message 28: by Heather (new)

Heather I'm going to share my thoughts of different paintings and the differences I see in each. (I will post the paintings again to avoid the need to scroll up to each to see what I'm talking about)

First:
Nude Standing before a Mirror by Henri de Toulouse-Lautrec:

It is my impression that she is scrutinizing herself. In light of the knkowledge that Toulouse-Lautrec used prostitutes in many of his works brings me to think that maybe she is thinking of her life, maybe she has lost respect for herself by the way she lives and what she does. I don't think her look into the mirror at herself is one of vanity, but of disappointment or even disgust at her image. Not necessarily her body itself, but her body representing her and what she thinks of herself while looking into the mirror.


message 29: by Heather (last edited Aug 09, 2018 06:53AM) (new)

Heather Rokeby Venus by Diego Velázquez and Venus with a Mirror by Titian are both of the same goddess, Venus. These paintings seem to me that the women are looking at themselves with vanity, they are proud and satisfied if not well-pleased at what they see. Yes, these two, for me, represent vanity of women.https://www.goodreads.com/topic/show/...#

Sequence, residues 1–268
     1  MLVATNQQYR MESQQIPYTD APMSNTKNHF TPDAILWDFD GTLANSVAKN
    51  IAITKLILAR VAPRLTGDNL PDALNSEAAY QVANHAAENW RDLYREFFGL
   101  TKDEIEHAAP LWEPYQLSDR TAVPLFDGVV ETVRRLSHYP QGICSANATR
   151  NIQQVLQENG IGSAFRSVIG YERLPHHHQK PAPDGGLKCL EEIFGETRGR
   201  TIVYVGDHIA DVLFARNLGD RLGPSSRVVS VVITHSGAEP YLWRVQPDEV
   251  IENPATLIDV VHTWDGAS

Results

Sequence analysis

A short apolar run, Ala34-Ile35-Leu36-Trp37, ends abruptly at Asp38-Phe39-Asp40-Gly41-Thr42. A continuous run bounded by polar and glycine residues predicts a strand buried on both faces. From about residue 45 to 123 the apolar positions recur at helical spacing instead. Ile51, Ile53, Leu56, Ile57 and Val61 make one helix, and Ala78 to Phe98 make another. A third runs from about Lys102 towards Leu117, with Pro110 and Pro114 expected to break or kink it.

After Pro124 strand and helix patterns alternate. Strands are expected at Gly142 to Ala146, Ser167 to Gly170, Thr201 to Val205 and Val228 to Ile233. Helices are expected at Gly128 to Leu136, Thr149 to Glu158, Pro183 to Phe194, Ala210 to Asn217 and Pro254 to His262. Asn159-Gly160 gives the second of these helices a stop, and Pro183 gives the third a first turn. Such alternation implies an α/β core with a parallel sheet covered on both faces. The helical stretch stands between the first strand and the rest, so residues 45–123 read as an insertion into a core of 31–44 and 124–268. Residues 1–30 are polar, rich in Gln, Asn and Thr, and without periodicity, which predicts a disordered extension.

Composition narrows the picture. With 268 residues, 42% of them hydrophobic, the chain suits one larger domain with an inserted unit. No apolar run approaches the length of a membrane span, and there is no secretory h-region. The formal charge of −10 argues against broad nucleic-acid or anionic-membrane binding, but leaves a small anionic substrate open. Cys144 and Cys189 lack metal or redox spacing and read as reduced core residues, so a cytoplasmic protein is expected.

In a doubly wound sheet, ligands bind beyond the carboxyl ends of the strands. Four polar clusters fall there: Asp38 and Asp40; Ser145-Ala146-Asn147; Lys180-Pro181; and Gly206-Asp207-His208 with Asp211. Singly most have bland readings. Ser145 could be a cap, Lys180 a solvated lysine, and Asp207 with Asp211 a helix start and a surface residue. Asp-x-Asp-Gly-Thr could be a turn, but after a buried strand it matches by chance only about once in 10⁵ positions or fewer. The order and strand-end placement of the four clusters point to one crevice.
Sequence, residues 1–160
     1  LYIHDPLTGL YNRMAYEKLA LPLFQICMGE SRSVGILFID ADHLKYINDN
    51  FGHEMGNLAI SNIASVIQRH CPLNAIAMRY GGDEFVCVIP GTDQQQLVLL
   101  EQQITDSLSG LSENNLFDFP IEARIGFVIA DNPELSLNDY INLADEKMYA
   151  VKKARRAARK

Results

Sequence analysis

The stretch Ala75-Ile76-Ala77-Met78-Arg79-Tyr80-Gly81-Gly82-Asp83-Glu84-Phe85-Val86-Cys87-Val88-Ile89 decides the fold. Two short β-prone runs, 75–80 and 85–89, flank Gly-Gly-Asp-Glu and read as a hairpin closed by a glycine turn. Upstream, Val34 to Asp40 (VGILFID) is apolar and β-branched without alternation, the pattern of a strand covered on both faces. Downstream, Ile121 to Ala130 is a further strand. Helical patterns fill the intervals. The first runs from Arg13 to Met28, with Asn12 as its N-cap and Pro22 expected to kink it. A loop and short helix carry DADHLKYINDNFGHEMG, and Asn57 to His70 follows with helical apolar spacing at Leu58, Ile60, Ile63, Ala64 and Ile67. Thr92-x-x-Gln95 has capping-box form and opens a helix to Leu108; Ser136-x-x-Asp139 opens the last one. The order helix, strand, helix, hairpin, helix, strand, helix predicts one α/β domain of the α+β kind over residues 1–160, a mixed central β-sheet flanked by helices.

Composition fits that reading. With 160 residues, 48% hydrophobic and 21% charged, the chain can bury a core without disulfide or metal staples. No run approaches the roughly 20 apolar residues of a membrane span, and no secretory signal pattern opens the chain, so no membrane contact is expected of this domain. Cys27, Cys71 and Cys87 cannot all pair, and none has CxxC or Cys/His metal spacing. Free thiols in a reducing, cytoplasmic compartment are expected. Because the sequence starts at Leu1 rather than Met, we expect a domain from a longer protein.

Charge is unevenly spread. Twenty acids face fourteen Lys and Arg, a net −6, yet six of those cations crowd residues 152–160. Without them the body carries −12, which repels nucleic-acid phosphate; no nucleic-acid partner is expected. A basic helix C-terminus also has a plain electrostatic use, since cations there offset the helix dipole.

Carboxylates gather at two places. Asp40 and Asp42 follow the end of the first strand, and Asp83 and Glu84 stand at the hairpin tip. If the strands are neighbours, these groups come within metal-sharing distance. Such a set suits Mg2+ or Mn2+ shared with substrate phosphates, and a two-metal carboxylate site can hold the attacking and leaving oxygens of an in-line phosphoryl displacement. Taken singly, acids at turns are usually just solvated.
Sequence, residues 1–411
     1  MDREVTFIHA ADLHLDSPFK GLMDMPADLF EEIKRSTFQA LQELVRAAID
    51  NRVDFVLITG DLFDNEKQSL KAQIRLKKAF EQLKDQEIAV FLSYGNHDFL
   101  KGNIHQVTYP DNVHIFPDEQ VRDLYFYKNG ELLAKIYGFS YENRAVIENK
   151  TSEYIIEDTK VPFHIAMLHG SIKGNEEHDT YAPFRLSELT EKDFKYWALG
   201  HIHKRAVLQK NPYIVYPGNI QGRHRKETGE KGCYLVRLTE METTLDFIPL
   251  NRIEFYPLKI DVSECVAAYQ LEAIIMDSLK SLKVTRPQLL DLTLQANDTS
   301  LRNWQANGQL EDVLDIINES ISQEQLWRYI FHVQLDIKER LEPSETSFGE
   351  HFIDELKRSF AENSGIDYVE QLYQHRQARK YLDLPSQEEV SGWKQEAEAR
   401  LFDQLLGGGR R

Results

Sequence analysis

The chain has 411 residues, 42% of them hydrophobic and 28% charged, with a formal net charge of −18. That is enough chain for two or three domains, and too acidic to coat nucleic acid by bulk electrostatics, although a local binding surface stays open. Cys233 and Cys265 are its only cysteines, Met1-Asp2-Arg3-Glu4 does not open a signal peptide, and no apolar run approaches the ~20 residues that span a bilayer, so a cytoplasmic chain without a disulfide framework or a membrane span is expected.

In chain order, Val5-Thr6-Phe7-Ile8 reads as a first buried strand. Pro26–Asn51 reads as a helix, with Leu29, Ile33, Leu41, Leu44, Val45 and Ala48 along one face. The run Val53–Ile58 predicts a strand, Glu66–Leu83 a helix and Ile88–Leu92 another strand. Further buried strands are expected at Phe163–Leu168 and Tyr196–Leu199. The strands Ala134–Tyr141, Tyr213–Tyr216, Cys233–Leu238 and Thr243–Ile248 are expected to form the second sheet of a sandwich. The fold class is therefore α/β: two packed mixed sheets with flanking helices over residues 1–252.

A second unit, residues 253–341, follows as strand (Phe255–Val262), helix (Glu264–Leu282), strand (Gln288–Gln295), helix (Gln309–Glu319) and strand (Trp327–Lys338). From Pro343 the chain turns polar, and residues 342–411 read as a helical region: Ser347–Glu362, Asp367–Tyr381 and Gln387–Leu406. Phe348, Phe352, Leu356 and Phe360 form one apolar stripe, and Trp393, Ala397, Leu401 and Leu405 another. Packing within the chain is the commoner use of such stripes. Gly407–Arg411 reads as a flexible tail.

Rokeby Venus


Venus with a Mirror by Titian


message 30: by Heather (last edited Aug 09, 2018 06:47AM) (new)

Heather I already commented on what Picasso's painting make me think of. Moving on to "Symphony in White, No. 2: The Little White Girl by James Abbott McNeill Whistler